That’s why KPD Officer Edith Forestal — the department’s recruiter — travels around to so many job fairs and community events, Stout added, in an effort to reach a wider population.

And sometimes too — as has been the case recently — other officers just reach out to KPD.

LATERAL MOVES

Of the past 15 new KPD hires since January 2020, officials note nearly half came to the department from other law enforcement agencies around Indiana and even outside of it.

Called a lateral move, it’s also one of the quickest routes to obtain new officers.

“The biggest benefit is that they’ve already been through the Indiana Law Enforcement Academy, which is a 15-week academy,” Capt. Heath Haalck noted. “So that’s 15 weeks that we’ve saved by not having to send someone there. … They just go directly into a field training phase. Once they get done with their field training, they then get right on the streets.”

But while the lateral applicant doesn’t have to attend the academy or take certain examinations that a brand new applicant would, officials were quick to add that investigations — such as a polygraph and psychological testing — into a lateral hire’s background are still just as extensive as they would be on anyone else before being hired onto the department.

And hiring lateral applicants can also be a win-win for everyone involved, Stout said.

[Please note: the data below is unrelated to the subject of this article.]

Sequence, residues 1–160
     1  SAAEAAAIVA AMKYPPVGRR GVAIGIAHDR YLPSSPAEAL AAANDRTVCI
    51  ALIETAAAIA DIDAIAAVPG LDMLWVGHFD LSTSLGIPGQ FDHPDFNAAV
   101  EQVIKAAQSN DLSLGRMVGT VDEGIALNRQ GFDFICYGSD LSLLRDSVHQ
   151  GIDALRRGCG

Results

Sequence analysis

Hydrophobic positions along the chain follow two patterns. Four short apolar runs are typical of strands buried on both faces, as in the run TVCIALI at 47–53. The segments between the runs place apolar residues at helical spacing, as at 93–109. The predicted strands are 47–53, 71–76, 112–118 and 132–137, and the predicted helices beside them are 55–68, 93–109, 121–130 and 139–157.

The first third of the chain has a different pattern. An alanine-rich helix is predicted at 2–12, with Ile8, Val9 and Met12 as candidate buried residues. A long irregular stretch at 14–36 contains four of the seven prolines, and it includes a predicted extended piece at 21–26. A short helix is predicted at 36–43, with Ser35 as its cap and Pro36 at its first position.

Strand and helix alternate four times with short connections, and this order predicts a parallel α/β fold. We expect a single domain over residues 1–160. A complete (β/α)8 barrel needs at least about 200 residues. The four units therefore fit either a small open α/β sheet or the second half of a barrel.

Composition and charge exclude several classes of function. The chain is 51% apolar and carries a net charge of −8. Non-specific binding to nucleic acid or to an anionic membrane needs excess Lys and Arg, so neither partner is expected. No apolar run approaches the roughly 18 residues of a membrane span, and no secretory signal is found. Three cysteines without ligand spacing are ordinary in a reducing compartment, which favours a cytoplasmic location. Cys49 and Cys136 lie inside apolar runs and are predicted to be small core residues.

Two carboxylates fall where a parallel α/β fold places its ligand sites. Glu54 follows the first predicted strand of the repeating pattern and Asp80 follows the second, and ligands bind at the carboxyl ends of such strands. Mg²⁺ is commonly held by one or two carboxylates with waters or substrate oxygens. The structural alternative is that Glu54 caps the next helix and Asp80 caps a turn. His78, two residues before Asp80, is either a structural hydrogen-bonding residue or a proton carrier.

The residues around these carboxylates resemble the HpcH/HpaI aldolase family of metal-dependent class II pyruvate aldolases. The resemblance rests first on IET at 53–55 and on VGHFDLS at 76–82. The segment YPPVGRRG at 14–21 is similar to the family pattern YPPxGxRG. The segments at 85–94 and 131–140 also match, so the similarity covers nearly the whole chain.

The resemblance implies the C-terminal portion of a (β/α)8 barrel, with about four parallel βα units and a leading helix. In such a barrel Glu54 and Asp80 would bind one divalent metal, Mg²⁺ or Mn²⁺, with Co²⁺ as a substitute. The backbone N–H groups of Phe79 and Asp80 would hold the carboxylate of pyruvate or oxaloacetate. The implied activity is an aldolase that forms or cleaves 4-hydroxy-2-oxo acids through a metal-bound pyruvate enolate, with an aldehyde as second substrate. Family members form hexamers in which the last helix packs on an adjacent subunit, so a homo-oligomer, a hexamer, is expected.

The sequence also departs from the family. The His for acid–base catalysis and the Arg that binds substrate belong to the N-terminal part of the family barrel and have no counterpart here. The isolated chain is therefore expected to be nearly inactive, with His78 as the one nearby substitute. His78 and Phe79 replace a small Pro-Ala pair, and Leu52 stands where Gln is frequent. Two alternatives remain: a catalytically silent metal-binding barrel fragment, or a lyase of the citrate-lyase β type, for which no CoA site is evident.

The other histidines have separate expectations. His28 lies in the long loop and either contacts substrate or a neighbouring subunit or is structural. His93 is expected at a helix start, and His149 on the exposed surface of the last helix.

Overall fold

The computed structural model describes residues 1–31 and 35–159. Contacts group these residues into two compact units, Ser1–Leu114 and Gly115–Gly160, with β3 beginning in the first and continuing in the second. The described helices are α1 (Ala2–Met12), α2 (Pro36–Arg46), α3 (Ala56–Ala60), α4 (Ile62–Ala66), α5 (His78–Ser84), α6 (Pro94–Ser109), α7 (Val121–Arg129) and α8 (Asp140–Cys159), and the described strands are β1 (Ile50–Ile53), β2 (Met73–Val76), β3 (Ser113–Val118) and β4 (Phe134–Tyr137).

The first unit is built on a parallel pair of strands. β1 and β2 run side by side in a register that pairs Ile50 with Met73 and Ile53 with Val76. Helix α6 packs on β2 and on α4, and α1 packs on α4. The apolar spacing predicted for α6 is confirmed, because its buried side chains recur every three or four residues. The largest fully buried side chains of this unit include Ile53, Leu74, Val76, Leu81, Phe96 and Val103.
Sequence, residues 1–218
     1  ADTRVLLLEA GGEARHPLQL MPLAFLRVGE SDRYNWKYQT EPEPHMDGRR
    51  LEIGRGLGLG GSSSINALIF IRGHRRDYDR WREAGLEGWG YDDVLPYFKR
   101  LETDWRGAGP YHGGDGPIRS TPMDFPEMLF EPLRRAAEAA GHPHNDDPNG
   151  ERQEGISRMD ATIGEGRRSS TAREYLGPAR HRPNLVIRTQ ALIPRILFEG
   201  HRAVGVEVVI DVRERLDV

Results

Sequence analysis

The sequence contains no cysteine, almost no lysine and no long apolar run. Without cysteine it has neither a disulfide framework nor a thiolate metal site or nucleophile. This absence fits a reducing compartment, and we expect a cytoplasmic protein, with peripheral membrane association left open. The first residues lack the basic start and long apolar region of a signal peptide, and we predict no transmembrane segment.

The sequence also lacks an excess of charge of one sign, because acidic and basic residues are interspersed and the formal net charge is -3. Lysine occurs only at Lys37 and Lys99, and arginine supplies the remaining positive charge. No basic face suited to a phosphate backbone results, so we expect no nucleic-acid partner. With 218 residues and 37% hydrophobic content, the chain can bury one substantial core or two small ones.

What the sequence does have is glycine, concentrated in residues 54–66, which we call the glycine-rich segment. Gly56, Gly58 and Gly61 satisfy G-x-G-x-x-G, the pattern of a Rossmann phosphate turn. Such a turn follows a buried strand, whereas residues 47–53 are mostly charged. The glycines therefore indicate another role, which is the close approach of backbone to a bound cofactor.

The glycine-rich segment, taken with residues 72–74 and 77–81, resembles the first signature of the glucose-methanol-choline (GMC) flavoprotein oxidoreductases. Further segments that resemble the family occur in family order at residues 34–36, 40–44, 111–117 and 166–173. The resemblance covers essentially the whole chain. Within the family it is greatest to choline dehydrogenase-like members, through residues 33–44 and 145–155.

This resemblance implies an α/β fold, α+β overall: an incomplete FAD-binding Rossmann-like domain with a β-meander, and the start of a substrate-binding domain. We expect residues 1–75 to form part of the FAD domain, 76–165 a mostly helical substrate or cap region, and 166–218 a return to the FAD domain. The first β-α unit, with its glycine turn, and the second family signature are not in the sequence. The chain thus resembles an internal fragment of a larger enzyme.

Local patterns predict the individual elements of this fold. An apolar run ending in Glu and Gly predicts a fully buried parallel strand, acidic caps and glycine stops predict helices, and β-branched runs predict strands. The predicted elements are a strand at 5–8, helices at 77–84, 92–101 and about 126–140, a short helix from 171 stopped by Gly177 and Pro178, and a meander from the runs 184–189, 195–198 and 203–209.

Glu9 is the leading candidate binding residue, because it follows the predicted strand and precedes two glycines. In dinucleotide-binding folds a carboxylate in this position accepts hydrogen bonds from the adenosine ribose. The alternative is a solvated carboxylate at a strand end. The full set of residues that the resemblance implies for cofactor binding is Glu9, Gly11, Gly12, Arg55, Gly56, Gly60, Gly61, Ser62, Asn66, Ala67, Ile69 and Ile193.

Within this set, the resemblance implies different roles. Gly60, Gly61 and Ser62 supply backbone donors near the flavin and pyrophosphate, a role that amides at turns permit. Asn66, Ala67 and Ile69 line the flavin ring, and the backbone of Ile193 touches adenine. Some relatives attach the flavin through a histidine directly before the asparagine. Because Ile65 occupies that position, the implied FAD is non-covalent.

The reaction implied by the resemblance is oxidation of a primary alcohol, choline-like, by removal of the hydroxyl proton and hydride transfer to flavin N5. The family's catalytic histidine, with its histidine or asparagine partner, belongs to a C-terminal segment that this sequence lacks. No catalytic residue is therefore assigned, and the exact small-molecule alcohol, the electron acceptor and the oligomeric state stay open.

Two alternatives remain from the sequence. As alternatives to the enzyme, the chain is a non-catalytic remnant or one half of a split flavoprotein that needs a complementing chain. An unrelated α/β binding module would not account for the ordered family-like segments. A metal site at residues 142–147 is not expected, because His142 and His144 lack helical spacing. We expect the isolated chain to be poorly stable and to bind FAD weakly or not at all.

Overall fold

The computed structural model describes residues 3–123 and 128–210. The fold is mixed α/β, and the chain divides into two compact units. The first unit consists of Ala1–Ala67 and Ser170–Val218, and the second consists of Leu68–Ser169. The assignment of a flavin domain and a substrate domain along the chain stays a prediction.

“With lateral hires, it often gives us the opportunity to see how other departments do certain things,” the chief noted. “We have policies and procedures and guidelines, all these things that have been in place that I’m sure have been modified over time. But how do officers in City A respond to this type of situation? How do they do it in City B?

“It [a lateral hire] often allows us to receive input … improve our procedures, our response and our operation for this city,” Stout added. “… The level of experience, for me, is irrelevant. Every officer that has done this job for either six months or 20 years may see something that can be improved.”

Because in the end, it’s really all just about properly protecting the citizens of this community, officials noted.

COMMUNITY IMPACT

Trying to find the best of the best.

That’s how Haalck described the efforts of KPD’s recruitment campaign over the last few months.

“We’re a professional law enforcement agency,” he said. “We don’t just hire to hire. It’s a strenuous process because we want to make sure that we’re getting very qualified officers. So when people see these officers on the streets or in squad cars or out eating, they know those officers have been through a lot of training and are some of the most qualified ones out there.”

Stout agreed, saying that the department has a large responsibility to its public to hire and maintain a strong department.

And he hopes that the public is just as proud as he is, he added.

“My message to the public is this,” Stout said. “We’re going to continue to seek, locate and try to attract the best of the best officers. … Basic applicants, lateral applicants, that’s not going to change. The citizens still deserve the best of the best in their police department, and that’s exactly what we’re striving for.”

And that’s all music to the ears of Mayor Moore, who recently received an award from the state FOP for his role in helping initiate KPD’s recruitment campaign and 20% raise.

“The message that has been sent here is that we’re not just going to talk the talk, but we’re ready to walk the walk too,” he said. “Those who have seen the opportunity in Kokomo will already experience that, and we’re not just stopping there. If people are interested, we’re hiring.”